The Phoenix Coyotes are going to overtime and Winnipeg's emotionally tortured hockey fans can forget for at least a year about the team once known as the Jets coming back to its roots.
In a 5-2 vote Tuesday night, the City of Glendale voted to buy itself another season of NHL hockey by promising to commit $25 million to the Phoenix Coyotes losses if the team can't find a buyer by the end of the 2011-12 season.
If that sounds familiar, it should. Glendale voted to do the exact same thing a year ago but the NHL's hopes of closing a deal with prospective buyer Matthew Hulsizer were scuttled by the threat of a lawsuit by the conservative tax payer group known as the Goldwater Institute.
Meanwhile, Winnipeg's hopes of returning to the NHL are not dead, as the Atlanta Thrashers remain for sale and now become the object of Winnipeg's True North Sports and Entertainment, which has been waiting patiently in the wings.
The Thrashers owners have made no promises about being back in Atlanta next season, where the team has racked up millions of dollars in losses in recent seasons, and may require new investors or a sale to keep the team in Georgia. However, with the calendar moving towards mid-May, any deal between True North and the Thrashers owners would have to be executed quickly for the team to be relocated in time for next season.
As for the Coyotes, Glendale Mayor Elaine Scruggs and a majority of city councilors successfully argued the costs of losing the team would be more damaging than the $25 million expense incurred to keep them for one more season.
Though there was precious little evidence presented to back up that claim, it was a position supported by a majority of citizens who spoke to council Tuesday night.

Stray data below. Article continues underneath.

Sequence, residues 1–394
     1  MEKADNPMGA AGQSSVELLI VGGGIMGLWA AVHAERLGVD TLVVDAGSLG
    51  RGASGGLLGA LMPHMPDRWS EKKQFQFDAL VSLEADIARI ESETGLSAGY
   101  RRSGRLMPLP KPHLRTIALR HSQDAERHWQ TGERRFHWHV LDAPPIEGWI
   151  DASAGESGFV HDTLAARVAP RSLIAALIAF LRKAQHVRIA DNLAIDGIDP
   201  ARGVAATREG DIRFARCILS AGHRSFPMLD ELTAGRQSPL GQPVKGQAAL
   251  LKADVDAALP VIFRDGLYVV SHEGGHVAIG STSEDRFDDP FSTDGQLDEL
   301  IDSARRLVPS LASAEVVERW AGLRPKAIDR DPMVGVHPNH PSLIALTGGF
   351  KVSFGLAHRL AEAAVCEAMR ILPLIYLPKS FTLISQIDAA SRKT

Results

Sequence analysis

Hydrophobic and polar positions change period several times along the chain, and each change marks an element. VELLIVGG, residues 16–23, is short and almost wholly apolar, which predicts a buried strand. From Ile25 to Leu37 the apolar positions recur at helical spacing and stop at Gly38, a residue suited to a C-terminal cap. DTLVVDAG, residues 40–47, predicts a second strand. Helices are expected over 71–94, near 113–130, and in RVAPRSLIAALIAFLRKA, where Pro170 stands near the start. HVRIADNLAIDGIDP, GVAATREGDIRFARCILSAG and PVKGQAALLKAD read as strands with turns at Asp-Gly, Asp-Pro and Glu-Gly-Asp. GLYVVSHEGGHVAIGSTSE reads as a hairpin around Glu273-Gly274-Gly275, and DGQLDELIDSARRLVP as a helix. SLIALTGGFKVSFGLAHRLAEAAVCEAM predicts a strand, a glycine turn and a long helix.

However, Goldwater Institute lawyer Nick Dranias said it's impossible for the councilors to know whether that's true without having a breakdown of expenses for Jobing.com Arena without the Coyotes as a prime tenant.
Dranias warned council that their actions could be in violation of the state's constitution which prohibits gifting taxpayer dollars to private businesses. But he said Goldwater requires more information before it can make that case conclusively, something it hopes to have by June through litigation against the city.
Would Goldwater sue to try and block the transfer or $25 million to the NHL? It seems unlikely.
"Ultimately, if we're going to challenge the overall deal, we have to think of whether it's wise to challenge a piece of it," said Dranias after the meeting. "I can't make the same promise (to sue) on the $25 million that we did on the deal as a whole. This is a $25 million piece of a deal that could be $200 million."
Though Glendale has bought itself another season, it's debatable whether the NHL's prospects of finding an owner to keep the team in Arizona are any better than they were a year ago. The Coyotes lost nearly $37 million this season while being operated by the NHL and there has been an absence of prospective buyers willing to sink enough of their own money into the $170 million purchase price.
The City of Glendale could end up right back where it was a year ago and one city councilor who voted in favour of the deal, Joyce Clark, warned "If you can't figure this out in a year, I'm done folks!"
If the Thrashers aren't sold to Winnipeg interests in the near future, it's possible the Manitoba capital could be dancing with the Coyotes again next season, for the third consecutive spring.
Tuesday night's result was not the answer hockey fans in Winnipeg were hoping for. And not the permanent solution fans in Arizona wanted.
But after months of wrangling, rumours and speculation, hope for the future of the NHL in both cities remains alive.